Limpkin photo by Bill Thompson, III

Florida Birding by Season: Summer

Summer Birds of Florida (June, July, August)

By the end of May and into June most Florida bird species are nesting, and many of them already have fledged young.  For a few early nesting species such as bald eagles, great horned owls, and purple martins the season is already over.  With spring migration largely out of the way this is often the best time of year to observe and concentrate on some of Florida’s specialty species.

Antillean nighthawks swoop and display over open areas on the Florida Keys at dusk, giving their killy-kadick calls, with Stock Island and the airport at Marathon being among the best places to find them. This largely Caribbean species is found nowhere else in the United States. This is also the season to find the white-crowned pigeon, a specialist of mangroves and West Indian hardwood hammocks that is fairly common as a nesting species on the Keys and can also be found in small numbers the southern tip of the mainland.

Florida’s endemic race of burrowing owl (perhaps a separate species) can be found standing outside burrow entrances on golf courses, lawns, and farmland in many areas of the state such at Punta Gorda and Cape Coral.  Crepuscular limpkins utter their blood curdling screams in freshwater marshes throughout the peninsula, often showing themselves in the open in broad daylight. Extreme southeastern Georgia is the only other area where this strange species breeds in the United States. The great white heron, (currently recognized as an all-white Caribbean form of the widespread great blue heron but quite possibly a separate species) can be found all along the Keys and in Florida Bay.

Anhingas, mottled ducks, green herons, least bitterns, and purple gallinules breed in freshwater marshes, and two very pale subspecies of red-shouldered hawk, both of which are endemic to Florida, are found in a variety of habitats. Once severely threatened by plume-hunting reddish egrets (both the more numerous dark morph and the scarcer white morph) are slowly recovering and are found exclusively in the coastal areas of Florida breeding on mangrove islands.  Though still quite scarce, white-tailed kites are increasing as breeding birds in central and southern Florida, often being found in cultivated areas around the Everglades and Lake Okeechobee.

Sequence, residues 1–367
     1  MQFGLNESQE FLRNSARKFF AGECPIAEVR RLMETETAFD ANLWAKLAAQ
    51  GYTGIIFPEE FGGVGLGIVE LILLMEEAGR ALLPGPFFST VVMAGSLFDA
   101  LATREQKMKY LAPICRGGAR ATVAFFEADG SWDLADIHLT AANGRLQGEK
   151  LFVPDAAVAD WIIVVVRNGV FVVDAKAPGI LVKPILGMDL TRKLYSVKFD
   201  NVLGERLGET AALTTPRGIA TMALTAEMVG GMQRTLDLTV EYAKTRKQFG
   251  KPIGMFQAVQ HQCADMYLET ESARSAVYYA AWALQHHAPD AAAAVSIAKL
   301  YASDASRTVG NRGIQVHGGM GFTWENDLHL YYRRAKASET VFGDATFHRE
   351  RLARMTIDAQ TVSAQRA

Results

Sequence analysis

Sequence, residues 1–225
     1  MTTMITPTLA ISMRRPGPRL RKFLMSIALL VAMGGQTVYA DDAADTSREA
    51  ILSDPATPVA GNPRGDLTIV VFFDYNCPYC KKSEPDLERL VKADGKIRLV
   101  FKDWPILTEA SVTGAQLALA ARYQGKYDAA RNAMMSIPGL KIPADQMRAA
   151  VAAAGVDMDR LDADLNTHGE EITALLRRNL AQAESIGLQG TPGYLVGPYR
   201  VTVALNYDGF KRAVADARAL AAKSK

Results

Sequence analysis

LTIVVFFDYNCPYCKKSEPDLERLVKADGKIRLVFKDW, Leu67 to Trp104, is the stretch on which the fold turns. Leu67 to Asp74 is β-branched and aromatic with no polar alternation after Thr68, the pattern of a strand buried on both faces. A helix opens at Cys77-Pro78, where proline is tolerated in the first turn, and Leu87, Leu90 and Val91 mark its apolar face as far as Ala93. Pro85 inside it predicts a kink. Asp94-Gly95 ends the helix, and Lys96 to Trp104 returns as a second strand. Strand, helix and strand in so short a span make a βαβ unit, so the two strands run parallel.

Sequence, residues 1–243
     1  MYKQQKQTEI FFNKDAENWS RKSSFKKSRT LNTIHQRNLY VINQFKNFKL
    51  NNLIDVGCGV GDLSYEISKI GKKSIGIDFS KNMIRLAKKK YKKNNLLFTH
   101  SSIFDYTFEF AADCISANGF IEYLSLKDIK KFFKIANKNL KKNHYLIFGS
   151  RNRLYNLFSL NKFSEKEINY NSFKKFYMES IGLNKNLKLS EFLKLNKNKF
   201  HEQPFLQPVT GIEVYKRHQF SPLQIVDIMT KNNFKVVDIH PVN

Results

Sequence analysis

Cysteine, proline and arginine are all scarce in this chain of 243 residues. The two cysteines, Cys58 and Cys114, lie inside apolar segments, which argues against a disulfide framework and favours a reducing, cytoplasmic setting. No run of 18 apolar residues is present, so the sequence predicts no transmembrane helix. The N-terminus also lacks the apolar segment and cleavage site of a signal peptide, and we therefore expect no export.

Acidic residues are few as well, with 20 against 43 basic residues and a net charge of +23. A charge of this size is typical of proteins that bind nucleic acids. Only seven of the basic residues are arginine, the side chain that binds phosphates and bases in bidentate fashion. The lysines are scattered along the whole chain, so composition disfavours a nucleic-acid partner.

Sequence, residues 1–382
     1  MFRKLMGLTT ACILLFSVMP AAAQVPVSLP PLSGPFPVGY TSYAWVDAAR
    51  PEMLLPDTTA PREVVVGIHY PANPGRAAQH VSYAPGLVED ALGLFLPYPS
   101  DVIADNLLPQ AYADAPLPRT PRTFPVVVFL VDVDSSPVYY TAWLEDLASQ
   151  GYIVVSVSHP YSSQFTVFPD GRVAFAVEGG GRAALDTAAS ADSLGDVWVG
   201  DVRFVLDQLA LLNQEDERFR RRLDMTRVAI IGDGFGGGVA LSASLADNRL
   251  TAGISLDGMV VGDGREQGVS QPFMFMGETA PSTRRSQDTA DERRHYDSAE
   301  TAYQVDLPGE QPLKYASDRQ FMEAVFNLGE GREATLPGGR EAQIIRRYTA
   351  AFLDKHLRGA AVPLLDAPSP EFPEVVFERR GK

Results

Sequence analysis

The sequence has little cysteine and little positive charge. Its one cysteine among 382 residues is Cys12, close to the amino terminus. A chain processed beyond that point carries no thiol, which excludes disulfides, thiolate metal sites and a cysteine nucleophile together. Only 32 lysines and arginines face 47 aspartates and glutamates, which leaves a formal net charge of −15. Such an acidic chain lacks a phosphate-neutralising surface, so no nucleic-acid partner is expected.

The snail kite, one of Florida’s most sought after specialties, breeds in fluctuating numbers in the sawgrass marshes of the northern Everglades and the extensive lake systems south of Kissimmee. Another raptor species, the highly aerial short-tailed hawk, can sometimes be seen soaring with vultures in the breeding season over riparian habitats and cypress swamps in northern and central Florida. This raptor occurs in both light and dark morphs and like the snail kite it is found breeding nowhere else in the whole country.

In late July and early August large communal roosts of gorgeous swallow-tailed kites (sometimes numbering in the thousands) gather in several locations before migrating early out of the country. The crested caracara, with a Florida population of approximately 150 pairs, can be found quite easily in prairies and grasslands between Kissimmee and Lake Okeechobee.

In recent years a number of whooping cranes have been released in the same general area in the hope that they might one day form a stable breeding population to augment the population of this highly endangered species. Florida’s tame, resident race of the sandhill crane can be found on prairies, golf courses, around retention ponds, and even in suburban yards in the central portion of the state. Decreasing numbers of smooth-billed anis, yet another species that breeds nowhere else in the country, frequent southern Florida, mainly in the Miami area and around Belle Glade but these birds are becoming increasingly difficult to locate.

Another imperiled bird that can still be found fairly easily, despite human development of its shrinking oak scrub habitat, is the Florida scrub-jay, Florida’s only true endemic, which is separated both geographically and in its reproductive behavior from the two other scrub-jay species found in the western United States.

The first returning land bird migrants appear in July and by the end of the month several species of warblers may be found again at migration stopovers in the state including Louisiana water thrushes and yellow, yellow-throated, prairie, black-and-white, and hooded warblers.  Southward shorebird migration begins in Florida in August with non-breeding adult birds and failed breeders being the first to appear.


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